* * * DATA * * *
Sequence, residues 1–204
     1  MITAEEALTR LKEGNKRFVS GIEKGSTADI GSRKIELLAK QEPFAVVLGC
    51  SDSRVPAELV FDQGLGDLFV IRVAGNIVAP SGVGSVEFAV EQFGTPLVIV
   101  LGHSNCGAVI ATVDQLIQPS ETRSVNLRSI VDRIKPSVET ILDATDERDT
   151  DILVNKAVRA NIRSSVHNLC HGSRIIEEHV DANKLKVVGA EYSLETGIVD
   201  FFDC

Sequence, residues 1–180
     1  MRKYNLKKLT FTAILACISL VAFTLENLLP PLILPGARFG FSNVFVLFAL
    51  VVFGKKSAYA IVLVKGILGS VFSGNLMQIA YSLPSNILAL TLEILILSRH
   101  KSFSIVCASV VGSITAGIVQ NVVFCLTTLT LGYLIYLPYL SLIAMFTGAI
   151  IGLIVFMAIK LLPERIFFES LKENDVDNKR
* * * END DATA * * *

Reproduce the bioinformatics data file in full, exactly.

Sequence, residues 1–204
     1  MITAEEALTR LKEGNKRFVS GIEKGSTADI GSRKIELLAK QEPFAVVLGC
    51  SDSRVPAELV FDQGLGDLFV IRVAGNIVAP SGVGSVEFAV EQFGTPLVIV
   101  LGHSNCGAVI ATVDQLIQPS ETRSVNLRSI VDRIKPSVET ILDATDERDT
   151  DILVNKAVRA NIRSSVHNLC HGSRIIEEHV DANKLKVVGA EYSLETGIVD
   201  FFDC

Sequence, residues 1–180
     1  MRKYNLKKLT FTAILACISL VAFTLENLLP PLILPGARFG FSNVFVLFAL
    51  VVFGKKSAYA IVLVKGILGS VFSGNLMQIA YSLPSNILAL TLEILILSRH
   101  KSFSIVCASV VGSITAGIVQ NVVFCLTTLT LGYLIYLPYL SLIAMFTGAI
   151  IGLIVFMAIK LLPERIFFES LKENDVDNKR